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11
Animation Keys & Delegates Written by Marin Todorov

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One of the tricky parts about UIKit animations and the corresponding closure syntax is that, if you aren’t using some of the new APIs like UIViewPropertyAnimator (which you will look into in later chapters), once you create and run a view animation you can’t pause it, stop it or access it in any way.

With Core Animation, however, you can easily inspect animations that are running on a layer and stop them if you need to. Furthermore, you can even set a delegate object on your animations and react to animation events. In contrast to the completion block you’ve seen in view animations, you can receive delegate callbacks for when an animation begins and ends (or is interrupted).

In this chapter you’ll continue to work with the Bahama Air login project and use animation delegates to make your animations more interactive.

Introducing Animation Delegates

CAAnimation and its subclass CABasicAnimation implement the delegate pattern and let you respond to animation events.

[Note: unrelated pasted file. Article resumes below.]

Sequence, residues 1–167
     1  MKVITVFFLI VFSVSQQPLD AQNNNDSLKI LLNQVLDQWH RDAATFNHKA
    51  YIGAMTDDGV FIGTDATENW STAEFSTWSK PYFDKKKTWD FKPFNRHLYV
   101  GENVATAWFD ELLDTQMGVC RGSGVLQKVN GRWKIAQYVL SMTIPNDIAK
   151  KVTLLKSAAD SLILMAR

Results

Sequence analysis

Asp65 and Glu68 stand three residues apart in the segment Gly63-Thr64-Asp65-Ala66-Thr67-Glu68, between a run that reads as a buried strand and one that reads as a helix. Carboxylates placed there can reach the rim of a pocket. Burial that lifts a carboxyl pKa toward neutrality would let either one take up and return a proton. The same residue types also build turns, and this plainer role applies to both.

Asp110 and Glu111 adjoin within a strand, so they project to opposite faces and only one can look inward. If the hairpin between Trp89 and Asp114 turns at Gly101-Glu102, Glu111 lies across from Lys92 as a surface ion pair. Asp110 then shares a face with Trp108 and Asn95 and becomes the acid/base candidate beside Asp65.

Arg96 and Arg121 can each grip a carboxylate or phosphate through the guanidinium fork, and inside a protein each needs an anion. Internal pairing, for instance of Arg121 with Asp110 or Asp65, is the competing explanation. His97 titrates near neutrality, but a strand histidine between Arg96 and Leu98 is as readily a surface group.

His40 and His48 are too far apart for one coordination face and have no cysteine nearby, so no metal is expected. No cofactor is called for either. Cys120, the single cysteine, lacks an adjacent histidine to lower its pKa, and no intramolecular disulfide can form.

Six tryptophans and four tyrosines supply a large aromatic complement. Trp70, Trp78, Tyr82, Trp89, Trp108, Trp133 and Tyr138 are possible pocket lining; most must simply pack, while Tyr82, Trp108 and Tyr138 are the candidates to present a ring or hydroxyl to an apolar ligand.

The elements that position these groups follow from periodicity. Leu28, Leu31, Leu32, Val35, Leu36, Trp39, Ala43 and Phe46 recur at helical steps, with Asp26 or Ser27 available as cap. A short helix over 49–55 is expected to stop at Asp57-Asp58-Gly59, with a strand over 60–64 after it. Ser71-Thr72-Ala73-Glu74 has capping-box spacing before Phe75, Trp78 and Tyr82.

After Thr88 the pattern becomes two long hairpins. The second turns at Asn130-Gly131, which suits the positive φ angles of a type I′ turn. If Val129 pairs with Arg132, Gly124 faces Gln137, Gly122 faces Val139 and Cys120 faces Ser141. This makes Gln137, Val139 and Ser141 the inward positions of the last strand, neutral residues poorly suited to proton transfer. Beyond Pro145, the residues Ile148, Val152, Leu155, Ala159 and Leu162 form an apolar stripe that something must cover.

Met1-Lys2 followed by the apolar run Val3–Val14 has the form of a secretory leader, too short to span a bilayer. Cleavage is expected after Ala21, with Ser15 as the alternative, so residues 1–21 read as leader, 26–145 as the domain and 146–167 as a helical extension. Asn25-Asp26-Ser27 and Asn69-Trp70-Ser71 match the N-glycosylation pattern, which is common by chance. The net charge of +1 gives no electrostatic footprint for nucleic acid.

CAAnimationDelegate features two methods that you can implement if you need either or both of them:

func animationDidStart(_ anim: CAAnimation)
func animationDidStop(_ anim: CAAnimation, finished flag: Bool)

You can either open the starter project for this chapter, or carry on with your own project if you’ve completed the previous chapter and its challenges.

Your first task is to make each form element pulse once when it reaches its final position on the screen using animationDidStop().

Open ViewController.swift and add the following code to viewWillAppear(), just before the line where you add the animation to your heading layer:

flyRight.delegate = self

Then add the delegate method to the class in an extension to your view controller:

extension ViewController: CAAnimationDelegate {
  func animationDidStop(_ anim: CAAnimation, 
    finished flag: Bool) {
    print("animation did finish")
  }
}

This simply prints out a line to the console to show that you are, in fact, calling your delegate method.

Build and run your project; you should see the following output in the Xcode console:

Okay, so your delegates are being called — but how do you discern which animation stopped in the code above? Remember, you added the same animation to three different layers! The following section shows you how to manage this with key-value pairs.

Key-value Coding Compliance

The CAAnimation class and its subclasses are written in Objective-C and are key-value coding compliant, which means you can treat them like dictionaries and add new properties to them at run time.

flyRight.setValue("form", forKey: "name")
flyRight.setValue(heading.layer, forKey: "layer")
flyRight.setValue(username.layer, forKey: "layer")
flyRight.setValue(password.layer, forKey: "layer")

Switching on Key Values

Now that you have the keys set on your animation, you can check for them in the animation delegate methods.

guard let name = anim.value(forKey: "name") as? String else {
  return
}

if name == "form" {